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McBeth prevails Wins Akron mayor race; third time’s a charm for Barr on Ephrata Borough Council
DENA REEDY and PATRICK BURNS Review Staff
, Staff Writer
Voters in Akron Borough have made their choice in the contentious mayoral race and four other contests.
The turnout may have been low, but incumbent GOP Mayor John McBeth (474 votes) held off a challenge by independent Greg Fitzpatrick (284 votes).
McBeth thanked the voters of Akron "who recognized and appreciate the job I’ve done" in returning him to office as mayor for a third four-year term.
Fitzpatrick said it was a remarkable day for Akron politics.
"I congratulate (McBeth) and wish him well," Fitzpatrick said after results were tallied by the 758 voters.
Both mayoral candidates and their teams remained outside the polls at Akron Fire Company into the final hour of voting Tuesday.
McBeth and Fitzpatrick said they were pleased by the turnout, which both estimated to be at about 600 voters around the time the polls closed.
There are 3,800 people who call Akron home.
Reasons cited by voters for casting ballots there ranged from anger, concern, and simple civic pride.
One woman said an unsigned attack letter she received last week – sent from an out-of-town post office with no return address – compelled her to vote.
The letter charged that the mayor benefited by skirting rules regarding the collection of fees for performing marriages.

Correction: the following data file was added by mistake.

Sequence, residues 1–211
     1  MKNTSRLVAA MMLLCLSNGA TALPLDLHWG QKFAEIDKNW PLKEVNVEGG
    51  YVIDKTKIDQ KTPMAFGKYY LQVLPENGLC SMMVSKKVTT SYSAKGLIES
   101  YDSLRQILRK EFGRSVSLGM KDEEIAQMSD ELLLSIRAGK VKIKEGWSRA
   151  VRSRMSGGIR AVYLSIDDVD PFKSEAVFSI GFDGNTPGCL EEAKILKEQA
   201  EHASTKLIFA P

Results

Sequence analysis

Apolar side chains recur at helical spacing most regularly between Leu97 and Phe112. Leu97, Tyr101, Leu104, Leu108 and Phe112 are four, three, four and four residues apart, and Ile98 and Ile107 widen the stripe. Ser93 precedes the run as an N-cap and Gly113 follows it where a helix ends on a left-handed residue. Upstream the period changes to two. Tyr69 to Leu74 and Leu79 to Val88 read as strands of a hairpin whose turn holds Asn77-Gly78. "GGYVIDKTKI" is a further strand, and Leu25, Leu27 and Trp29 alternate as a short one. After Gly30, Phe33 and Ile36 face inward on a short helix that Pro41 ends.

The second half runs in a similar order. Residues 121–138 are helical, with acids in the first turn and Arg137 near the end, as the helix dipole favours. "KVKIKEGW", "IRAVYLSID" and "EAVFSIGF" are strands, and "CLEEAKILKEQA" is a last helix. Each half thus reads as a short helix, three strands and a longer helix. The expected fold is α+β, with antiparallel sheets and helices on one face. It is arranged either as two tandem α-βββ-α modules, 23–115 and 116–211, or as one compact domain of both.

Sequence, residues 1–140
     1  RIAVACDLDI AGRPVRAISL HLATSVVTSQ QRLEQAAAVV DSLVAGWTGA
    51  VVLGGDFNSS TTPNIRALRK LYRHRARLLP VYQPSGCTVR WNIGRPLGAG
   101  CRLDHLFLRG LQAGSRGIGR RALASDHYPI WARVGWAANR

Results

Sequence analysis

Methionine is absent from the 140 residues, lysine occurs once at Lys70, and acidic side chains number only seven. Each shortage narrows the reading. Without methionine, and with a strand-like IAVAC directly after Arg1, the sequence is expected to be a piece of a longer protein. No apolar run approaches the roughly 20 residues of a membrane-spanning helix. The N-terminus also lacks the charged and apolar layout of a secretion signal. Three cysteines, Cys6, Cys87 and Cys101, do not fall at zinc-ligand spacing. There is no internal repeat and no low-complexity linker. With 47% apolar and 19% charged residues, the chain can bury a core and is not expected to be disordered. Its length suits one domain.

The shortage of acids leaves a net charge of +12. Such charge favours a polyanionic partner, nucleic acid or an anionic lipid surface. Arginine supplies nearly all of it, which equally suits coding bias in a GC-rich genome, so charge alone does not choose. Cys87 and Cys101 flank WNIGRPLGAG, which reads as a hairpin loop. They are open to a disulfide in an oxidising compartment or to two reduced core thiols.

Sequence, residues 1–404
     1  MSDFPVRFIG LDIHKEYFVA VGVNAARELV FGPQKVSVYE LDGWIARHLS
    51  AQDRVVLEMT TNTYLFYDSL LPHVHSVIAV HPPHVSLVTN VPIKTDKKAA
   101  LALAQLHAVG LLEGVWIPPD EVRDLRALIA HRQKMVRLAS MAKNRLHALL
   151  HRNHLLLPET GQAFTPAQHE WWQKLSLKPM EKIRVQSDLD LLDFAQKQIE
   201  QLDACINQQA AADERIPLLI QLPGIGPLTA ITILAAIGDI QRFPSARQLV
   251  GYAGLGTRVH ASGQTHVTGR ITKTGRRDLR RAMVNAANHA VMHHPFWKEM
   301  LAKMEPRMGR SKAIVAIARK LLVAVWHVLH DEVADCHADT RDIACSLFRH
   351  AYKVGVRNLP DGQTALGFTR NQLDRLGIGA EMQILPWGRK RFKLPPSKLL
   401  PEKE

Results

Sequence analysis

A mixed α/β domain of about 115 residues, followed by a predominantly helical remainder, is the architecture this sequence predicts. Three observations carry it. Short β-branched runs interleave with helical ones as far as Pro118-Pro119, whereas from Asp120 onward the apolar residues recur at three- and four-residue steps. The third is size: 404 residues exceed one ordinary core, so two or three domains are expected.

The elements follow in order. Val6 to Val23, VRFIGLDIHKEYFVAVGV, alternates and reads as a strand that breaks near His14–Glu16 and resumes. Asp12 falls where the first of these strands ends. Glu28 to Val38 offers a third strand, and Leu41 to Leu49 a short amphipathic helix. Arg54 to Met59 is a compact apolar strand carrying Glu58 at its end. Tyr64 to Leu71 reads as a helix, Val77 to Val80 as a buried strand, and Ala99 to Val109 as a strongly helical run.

"I don’t know whether it’s true or not, but it sure turned me off," she said. "It made me come out and vote McBeth."
McBeth denied any wrong-doing and labeled the letter "a disgrace."
Another woman hinted that she was concerned about the personal nature that embodied the campaign.
"It’s important to me that our leaders in Akron Borough have the best interests of the public in mind – of our town and our police department," she said.
McBeth said his campaigning Tuesday urged voters to look at his eight-year record in office. He ignored the negative letter, that no one has taken credit for writing and disseminating throughout the borough.
"I didn’t pay much attention to that letter," he said. "I knew nothing in it was true and that’s why nobody signed that letter."
The campaign’s tense atmosphere was evident Tuesday evening by an anxious, all-business approach, shared by both candidates who stood only a few feet apart outside Akron Fire Company.
But McBeth said the sometimes distressing campaign will not linger or hinder his ability to lead the borough.
"I’ll have no problem doing my job in the future," he said. "The same job that people congratulated me for doing in the past – I’m going to do in the future."
Despite the loss, Fitzpatrick said that the positive voter turnout – in an otherwise lackluster election – proved to be a "great day for Akron."
He did not comment on the recent aspects of the race or other odd twists that have plagued the campaign since the GOP primary in May – which included Fitzpatrick’s disputed petition to get on the GOP ballot by party officials.
"There is a lot that went on during this campaign and I need to take some time and digest that," he said.
When asked if he would consider another campaign in the future, Fitzpatrick said it’s a little too soon to answer that question.
Voters also elected five council members.
Those elected to the four-year seats are: Incumbent Republicans Perry K. Lorah, who received 538 votes; Justin M. Gehman, 490 votes; Thomas Murray, 487 votes and Republican Earl Shirk, 459 votes. Incumbent Kay McElhenny, who ran as an Independent, lost with 365.
Winning the two-year seat with 430 votes is Republican Daniel McCormac, who held off a challenge by Democrat Marlyn Jefferson, who garnered 290 votes.
More ELECTION, page A18